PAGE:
Letter to the Editor: Wright’s dialogue raises important societal issues

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    The Rev. Jeremiah Wright was Barack Obama’s pastor and TCU has more than an academic interest in this story.

    TCU is related to the Disciples (for at least a little longer), and the Disciples are related to the United Church of Christ. Wright is a UCC minister. I know Wright, and as a Disciple and twice a graduate from TCU, I’ll fall on my sword for him because we must have the big conversation on race.

    Racism became brutal for me when I became intimately involved with immigration, migration, refugees and persons seeking political asylum.

    Race is in our public policies and in our congregations. I talk about race in church. A pastor can say anything – anything – to his or her congregation so long as it is said in love. Jeremiah loves his people. Just ask them.

    Still, loving pastors and loving congregations can divide along race questions.

    Those who reel at Wright damning America are probably unfamiliar with the tradition of prophets damning ancient Israel. It’s clearly in the Hebrew bible. Listen to Wright’s words again, “It’s in the Bible!” Prophets suffered for it, but it’s there. They suffer here too.

    I worry about prophets, TCU’s and Brite’s.

    The U.S. is damned in one U.S. church or another every week in one way or another, even if the rhetoric is calm. Some Rabbis need to come forward to say that Wright and others stand in the tradition of thousands of years of similar preaching. Those who reel at mixing religion and politics in the pulpits saying they don’t mix probably understand neither. Religion and politics have always mixed well.

    When pundits rant about separation of church and state and tax-exempt status, they are off base. Current laws and policies have more to do with Lyndon Baines Johnson’s 1950s campaigns than the U.S. Constitution.

    A good challenge or two directed at the tax-exempt status of congregations based on speech and free exercise would probably lead to the lifting of some bans, not their enforcement. Who should judge words of congregations? Who has that authority, moral or otherwise?

    Silencing a candidate or a church engaged in the questions of the day is the very worst form of political correctness. Some Christian Zionists who care little for Jews want a nuclear war in the Middle East so Jesus will come again. Some “green” theologians want to turn God into nature and vice versa. More to the point, any nationalist religion decrying the global nature of God’s love that gives prophetic voices a place and tradition in which to stand is dangerous. Who is going to police them?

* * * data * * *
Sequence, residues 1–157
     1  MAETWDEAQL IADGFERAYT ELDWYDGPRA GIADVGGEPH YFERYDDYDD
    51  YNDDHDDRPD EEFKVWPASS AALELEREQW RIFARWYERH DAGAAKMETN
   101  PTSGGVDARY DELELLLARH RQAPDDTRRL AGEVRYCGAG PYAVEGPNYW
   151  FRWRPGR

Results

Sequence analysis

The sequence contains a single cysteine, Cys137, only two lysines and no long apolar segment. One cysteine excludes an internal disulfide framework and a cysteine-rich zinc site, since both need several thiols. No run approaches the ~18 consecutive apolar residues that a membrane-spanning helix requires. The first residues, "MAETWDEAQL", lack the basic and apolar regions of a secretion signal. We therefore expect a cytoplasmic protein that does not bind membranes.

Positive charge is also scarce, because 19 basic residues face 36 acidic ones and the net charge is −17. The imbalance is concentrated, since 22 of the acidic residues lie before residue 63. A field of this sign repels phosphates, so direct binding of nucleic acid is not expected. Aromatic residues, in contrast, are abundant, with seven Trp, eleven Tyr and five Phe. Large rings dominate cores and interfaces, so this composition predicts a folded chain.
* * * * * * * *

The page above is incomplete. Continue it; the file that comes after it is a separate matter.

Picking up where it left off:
Rhetoric and behavior should be considered. Martin Luther King Jr. was non-violent. Yet, the struggle while he was alive was very bloody. Malcolm X’s rhetoric was abhorrent to all people in my opinion, yet his followers were actually quite peaceful. Could we learn to judge actions instead of just words?

    Wright’s Trinity United Church of Christ in Chicago can and does put all congregations I know of to shame in terms of outreach, community-building programs and deep spiritual formation of future leaders. Thousands of people contribute millions of dollars to all manner of good deeds. To be clear, Obama can’t say he didn’t know about Jeremiah’s preaching.

    I voted for Obama in Arizona’s presidential primary, so I can’t be accused of partisan behavior and helping him here. While he’s distancing himself from Wright, he’s also allowing just about everyone to chew up a whole prophetic tradition when the subtext of those with the teeth is race and nationalism and some of the nastiest forms of identity politics.

    Horned Frogs familiar with the “C” part of the acronym should recall that presidents Garfield, Johnson and Reagan all came out of the “C” religious tradition related to Disciples and the UCCs. What I’d like to see would be more people who can affirm, and not denounce, the fiery outcry of the America’s pulpits and even the ideological extremes found in congregations, which are some of the only places left for truly free speech and free exercise of religion in these states.

    Today I give thanks to Obama for a fine speech. His roots and his pastor helped shape the message. TCU should choose to stand close to some greatness. It’s a better message for students.

    The Rev. Robin Hoover is a pastor at First Christian Church in Tucson, Ariz.